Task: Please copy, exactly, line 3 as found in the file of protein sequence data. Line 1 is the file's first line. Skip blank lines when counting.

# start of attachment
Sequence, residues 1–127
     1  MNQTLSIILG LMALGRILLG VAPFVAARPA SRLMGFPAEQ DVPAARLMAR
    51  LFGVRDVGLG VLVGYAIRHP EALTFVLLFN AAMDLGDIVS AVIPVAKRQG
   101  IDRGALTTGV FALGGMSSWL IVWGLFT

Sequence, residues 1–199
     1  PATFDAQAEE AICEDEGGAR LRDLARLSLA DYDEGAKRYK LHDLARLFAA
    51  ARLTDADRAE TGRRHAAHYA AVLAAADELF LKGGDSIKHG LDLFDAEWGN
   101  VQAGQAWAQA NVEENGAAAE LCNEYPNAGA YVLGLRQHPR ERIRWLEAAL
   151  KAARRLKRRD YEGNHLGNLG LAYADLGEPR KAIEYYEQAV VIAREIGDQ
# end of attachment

    51  LFGVRDVGLG VLVGYAIRHP EALTFVLLFN AAMDLGDIVS AVIPVAKRQG